As NYC Crime Soars, Delusional de Blasio Says “We Have Made This City Safer”
Written by Selwyn Duke
“Pay no attention to that man behind the curtain!” Or maybe Bill de Blasio could just say, “What, me worry?” But what the former Sandinista supporter and now esteemed New York City mayor did say, on Wednesday, as Big Apple crime surges, is that “for seven years, we have made this city safer and safer.”
To prove this wasn’t just a momentary loss of sanity, de Blasio the next day followed up by boasting that “we now have fewer people in our jails than any time since WWII, and we are safer for it and better for it.”
For the record, shootings last week soared 253 percent over the same 2019 week; burglaries and rapes are up, too.
This “violence exploded across the city after the NYPD disbanded its anti-crime unit of plainclothes cops on June 15,” reported the New York Post July 4. And with the police handcuffed, harassed, and disheartened, “de-policing” is the order of the day.
As the Daily News informs, “‘The de Blasio administration and City Council have both been clear: reduce arrests, reduce summonses,’ the [police] unions said in a statement.” This all translates into, “Reduce safety.”
Not for Bolshevik Bill, though. After all, everything can seem like peaches and cream, wine and roses when ensconced in a cocoon of bodyguards. And thus it was on Wednesday that de Blasio, in an event he calls “Media Availability,” made the “for seven years, we have made this city safer and safer” comment (video below; relevant portion begins at 2:26).
It was the next day, while standing behind a lectern emblazoned with the words “Black Lives Matter,” that the mayor doubled down, uttering the “We now have fewer people in our jails than any time since WWII, and we are safer for it and better for it” line (video below).
Of course, if de Blasio is taking a leaf out of former Obama attorney general Eric Holder’s book and believes there’s “a common cause that bonds” him with criminals, his “we are safer” comment makes some kind of sense (although it’s unlikely that even the thugs are safer).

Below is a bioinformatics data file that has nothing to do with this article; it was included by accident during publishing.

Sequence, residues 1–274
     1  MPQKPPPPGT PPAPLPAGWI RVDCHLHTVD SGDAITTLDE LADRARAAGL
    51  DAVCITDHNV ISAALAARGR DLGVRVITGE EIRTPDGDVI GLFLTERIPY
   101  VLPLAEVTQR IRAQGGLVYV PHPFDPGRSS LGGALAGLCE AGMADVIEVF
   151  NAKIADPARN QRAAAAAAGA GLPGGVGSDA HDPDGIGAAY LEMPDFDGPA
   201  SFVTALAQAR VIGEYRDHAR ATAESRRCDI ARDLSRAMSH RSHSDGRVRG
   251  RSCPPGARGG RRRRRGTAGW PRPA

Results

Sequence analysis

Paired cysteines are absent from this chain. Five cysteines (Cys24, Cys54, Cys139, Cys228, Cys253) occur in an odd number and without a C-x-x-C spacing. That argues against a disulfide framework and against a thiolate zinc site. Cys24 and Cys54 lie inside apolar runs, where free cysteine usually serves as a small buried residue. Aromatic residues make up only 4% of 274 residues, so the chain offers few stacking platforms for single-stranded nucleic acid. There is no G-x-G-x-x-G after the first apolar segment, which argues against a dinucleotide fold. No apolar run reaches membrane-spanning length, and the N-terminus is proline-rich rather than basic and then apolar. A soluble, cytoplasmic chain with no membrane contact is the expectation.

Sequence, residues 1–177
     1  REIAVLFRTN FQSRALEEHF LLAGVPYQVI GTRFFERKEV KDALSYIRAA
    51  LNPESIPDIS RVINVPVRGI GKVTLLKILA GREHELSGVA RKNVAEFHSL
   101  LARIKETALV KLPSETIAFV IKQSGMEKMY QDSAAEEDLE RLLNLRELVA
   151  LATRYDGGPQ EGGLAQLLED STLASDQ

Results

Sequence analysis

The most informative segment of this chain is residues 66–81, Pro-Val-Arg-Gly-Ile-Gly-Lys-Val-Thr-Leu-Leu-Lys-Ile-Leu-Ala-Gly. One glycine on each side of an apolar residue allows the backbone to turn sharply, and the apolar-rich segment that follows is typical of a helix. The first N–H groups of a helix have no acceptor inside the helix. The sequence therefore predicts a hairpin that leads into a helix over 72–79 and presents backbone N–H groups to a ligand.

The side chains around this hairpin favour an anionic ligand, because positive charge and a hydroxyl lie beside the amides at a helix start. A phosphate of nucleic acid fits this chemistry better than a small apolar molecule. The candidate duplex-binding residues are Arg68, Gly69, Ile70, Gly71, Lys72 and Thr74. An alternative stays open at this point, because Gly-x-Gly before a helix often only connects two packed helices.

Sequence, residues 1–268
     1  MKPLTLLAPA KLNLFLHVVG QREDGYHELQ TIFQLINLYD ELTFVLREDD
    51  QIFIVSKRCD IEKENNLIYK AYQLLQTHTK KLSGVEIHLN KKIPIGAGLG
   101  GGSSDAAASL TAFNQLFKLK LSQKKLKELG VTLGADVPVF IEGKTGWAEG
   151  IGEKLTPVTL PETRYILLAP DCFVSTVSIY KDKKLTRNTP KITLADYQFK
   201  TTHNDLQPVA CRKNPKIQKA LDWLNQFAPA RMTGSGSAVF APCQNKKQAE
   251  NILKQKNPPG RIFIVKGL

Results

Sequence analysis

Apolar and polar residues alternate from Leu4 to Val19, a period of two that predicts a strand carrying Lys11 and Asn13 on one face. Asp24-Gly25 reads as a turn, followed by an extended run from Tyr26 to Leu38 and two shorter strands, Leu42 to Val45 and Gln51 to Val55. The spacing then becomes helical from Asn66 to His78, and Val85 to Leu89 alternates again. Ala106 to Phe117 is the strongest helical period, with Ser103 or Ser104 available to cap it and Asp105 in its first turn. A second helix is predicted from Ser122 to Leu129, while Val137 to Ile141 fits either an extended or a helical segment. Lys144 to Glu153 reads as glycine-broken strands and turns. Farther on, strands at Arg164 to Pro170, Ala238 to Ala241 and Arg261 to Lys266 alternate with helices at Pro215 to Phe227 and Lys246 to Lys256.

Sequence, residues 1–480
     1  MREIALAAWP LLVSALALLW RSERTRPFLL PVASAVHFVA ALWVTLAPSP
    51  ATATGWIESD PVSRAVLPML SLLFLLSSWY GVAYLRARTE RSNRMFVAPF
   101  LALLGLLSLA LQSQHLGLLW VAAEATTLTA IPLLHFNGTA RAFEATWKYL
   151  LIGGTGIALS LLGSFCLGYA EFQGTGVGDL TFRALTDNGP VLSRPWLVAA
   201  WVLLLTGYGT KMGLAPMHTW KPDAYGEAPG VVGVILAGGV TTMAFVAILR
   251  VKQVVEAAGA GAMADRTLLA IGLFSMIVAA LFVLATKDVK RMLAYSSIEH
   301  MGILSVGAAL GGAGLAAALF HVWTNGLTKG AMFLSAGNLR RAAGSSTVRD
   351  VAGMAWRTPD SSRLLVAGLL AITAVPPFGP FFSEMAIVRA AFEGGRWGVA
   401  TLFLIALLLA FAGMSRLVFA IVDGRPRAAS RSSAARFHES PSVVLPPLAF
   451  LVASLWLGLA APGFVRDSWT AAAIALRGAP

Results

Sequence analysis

Then again, the mayor does have one little “fact” around which to construct his rationalization: While shootings and murder are up, wrote the Daily News July 11, “overall crime is down by nearly 3% this year, NYPD data shows.”
Now, one could quip that murders will do that: You don’t report your wallet being stolen when you’re dead. The reality, though, isn’t funny at all:
Obviously, if police are reducing arrests and summonses’ issuance, less crime is recorded.
(Shootings and murders leave you with a body in the hospital or morgue and aren’t so easily hidden.)
Ex-Baltimore mayor Stephanie Rawlings-Blake employed this technique in 2014, do note: Stop arresting people and “Voila!” — crime “drops” (sort of like a tree falling in a forest that no one hears).
Yet there’s more to it. As with how a stage-3 cancer patient may not seek bunion treatment, it’s common for residents of large, crime-ridden metropolises to not report minor crimes.
Having grown up in NYC, I speak from experience: We had a car battery, wall air conditioner and more than one bicycle stolen and a vehicle vandalized and never reported any of the thefts. All it would’ve meant, after all, was time wasted at a police station without the remotest chance of our property’s recovery. Big Apple authorities had (and have) bigger things to worry about.
Yet crime did drop precipitously under Mayor Rudolph Giuliani, who among other things applied the broken-window crime principle; this continued under Mayor Michael Bloomberg who, for all his flaws, didn’t tolerate street crime.
But now de Blasio seeks to defund the already-demoralized police. Consequently, cops “are quitting in droves, and nobody should blame them,” wrote the New York Post’s Michael Goodwin last month. “Would you risk your life to enforce the law under this mayor?”
“New York has had its share of corrupt and incompetent mayors,” Goodwin also stated, characterizing de Blasio, “but never has it had one who is both of those and also a lazy bum.”
So perhaps it’s not surprising that while running for the White House, a September 2019 presidential poll had de Blasio at zero percent support in New York City. Gotham residents increasingly consider the mayor the kind of man who lights up a room — when he leaves it. Term limits assure that he will leave, too, at 2021’s end.
Yet what also won’t be surprising, to those grasping man’s nature, is that NYC dwellers will elect another Democrat very much like him. It’s why German philosopher Georg Hegel observed, “We learn from history that we do not learn from history.” And like the Titanic having backed up to hit the iceberg again, that is the tale of our sinking cities.
Selwyn Duke (@SelwynDuke) has written for The New American for more than a decade. He has also written for The Hill, Observer, The American Conservative, WorldNetDaily, American Thinker, and many other print and online publications. In addition, he has contributed to college textbooks published by Gale-Cengage Learning, has appeared on television, and is a frequent guest on radio.
Courtesy of The New American